About this Recording
8.120580 - DORSEY, Tommy: Music Maestro, Please (1935-1939)
English 

TOMMY DORSEY VOL.1

"Music, Maestro, Please" Original Recordings 1935-1939

The leader of one of the greatest big-bands of the Swing Era and among the most successful of 20th century recording artists, Thomas Francis Dorsey, younger brother of Jimmy (1904-1957), was born in Shenandoah, Philadelphia, on November 19, 1905. The boys played both trumpet and cornet in a family quartet comprising their coal miner-turned-bandmaster father, Tommy Snr. and sister Mary and formed their first orchestra ‘Dorsey’s Novelty Six – The Jazz Band Of Them All’ which later evolved into ‘Dorsey’s Wild Canaries’. They then disbanded and joined the Scranton Sirens, (one of the first American jazz groups to broadcast) and in 1925 worked with the Eddie Elkins Band and played and recorded with the California Ramblers.

During 1924 both Tommy and Jimmy toured with – and arranged for – the French-American pianist-bandleader Jean Goldkette (1899-1962), the new owner of the Greystone Ballroom in Detroit whose noted society band recorded for Victor. From 1925 onwards, Tommy worked regularly as a freelance sideman both in live venues and small-group recording sessions with, among others, Beiderbecke, Ted Lewis, Red Nichols, Dave Rubinoff, Nat Shilkret, Frankie Trumbauer, Rudy Vallee, Joe Venuti and (during 1927-1928) Paul Whiteman. From 1932, with Jimmy, he made musical arrangements and organised studio ensembles and by 1934, on the Eve of the Swing Era, their own orchestra, which from 1928 had recorded for the Columbia label and its subsidiaries and had often played for Bing Crosby, had become a full-time affair with drummer Ray McKinley, Glenn Miller and Tommy and Jimmy among its players.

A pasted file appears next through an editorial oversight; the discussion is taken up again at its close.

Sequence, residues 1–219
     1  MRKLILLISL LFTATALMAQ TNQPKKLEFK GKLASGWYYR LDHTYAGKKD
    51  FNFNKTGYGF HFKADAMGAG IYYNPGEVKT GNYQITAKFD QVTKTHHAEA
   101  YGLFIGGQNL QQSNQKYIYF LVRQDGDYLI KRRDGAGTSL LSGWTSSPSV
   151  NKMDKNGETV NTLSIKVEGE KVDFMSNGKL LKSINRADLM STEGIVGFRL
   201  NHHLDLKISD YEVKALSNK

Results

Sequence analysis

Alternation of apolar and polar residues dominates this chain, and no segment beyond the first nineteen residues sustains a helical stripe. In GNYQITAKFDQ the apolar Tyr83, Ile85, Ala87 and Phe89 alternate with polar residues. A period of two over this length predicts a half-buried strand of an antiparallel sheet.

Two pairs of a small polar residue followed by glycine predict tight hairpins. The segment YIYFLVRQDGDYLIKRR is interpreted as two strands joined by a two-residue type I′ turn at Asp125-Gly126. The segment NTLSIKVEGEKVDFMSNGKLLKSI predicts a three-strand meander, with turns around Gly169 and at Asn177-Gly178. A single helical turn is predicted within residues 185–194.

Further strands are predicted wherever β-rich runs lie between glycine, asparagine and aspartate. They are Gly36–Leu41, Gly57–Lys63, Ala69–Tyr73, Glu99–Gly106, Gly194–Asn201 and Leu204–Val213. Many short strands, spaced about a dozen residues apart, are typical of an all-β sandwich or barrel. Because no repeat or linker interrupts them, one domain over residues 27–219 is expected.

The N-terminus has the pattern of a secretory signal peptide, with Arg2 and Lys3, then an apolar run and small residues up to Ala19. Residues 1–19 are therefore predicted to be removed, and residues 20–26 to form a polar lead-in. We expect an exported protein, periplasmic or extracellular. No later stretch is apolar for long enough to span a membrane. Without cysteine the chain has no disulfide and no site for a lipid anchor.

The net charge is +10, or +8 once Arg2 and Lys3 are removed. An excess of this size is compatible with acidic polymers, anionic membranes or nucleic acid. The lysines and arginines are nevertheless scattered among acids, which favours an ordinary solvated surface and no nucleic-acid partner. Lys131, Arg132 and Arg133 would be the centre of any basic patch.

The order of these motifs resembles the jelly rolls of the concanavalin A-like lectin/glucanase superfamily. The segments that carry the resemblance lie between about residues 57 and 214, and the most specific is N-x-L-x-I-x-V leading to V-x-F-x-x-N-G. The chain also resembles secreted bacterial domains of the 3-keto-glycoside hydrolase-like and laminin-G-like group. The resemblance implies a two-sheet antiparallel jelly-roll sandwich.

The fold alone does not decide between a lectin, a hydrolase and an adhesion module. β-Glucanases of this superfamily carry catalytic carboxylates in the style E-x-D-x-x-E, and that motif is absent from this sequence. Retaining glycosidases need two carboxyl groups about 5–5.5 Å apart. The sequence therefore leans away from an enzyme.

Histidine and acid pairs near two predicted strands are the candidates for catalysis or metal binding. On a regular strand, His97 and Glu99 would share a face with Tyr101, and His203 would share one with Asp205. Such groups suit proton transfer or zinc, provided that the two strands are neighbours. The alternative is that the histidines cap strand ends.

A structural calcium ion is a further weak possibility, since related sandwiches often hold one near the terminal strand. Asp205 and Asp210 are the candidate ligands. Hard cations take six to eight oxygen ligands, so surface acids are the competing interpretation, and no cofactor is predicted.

During a Glen Island Casino gig in 1935 the two had their famous quarrel, split and went their separate ways to lead highly successful outfits each in his own right. Tommy took over the resident band of his old friend Joe Haymes at New York’s McAlpin Hotel, and enlisting a team of arrangers headed by Paul Weston (aka Wetstein, b.1912) carved out a highly individual, smooth-sounding jazz style which highlighted his own subtle but prominent trombone-playing – in respect of which he earned the appellation ‘The Sentimental Gentleman of Swing’. Among the many first-rate sidemen who passed through his ranks were trumpeters Bunny Berigan, Ziggy Elman, Pee Wee Erwin, Charlie Shavers, Charlie Spivak and Yank Lawson, tenor saxophonist Bud Freeman, clarinettist Buddy De Franco and drummers Buddy Rich and Dave Tough.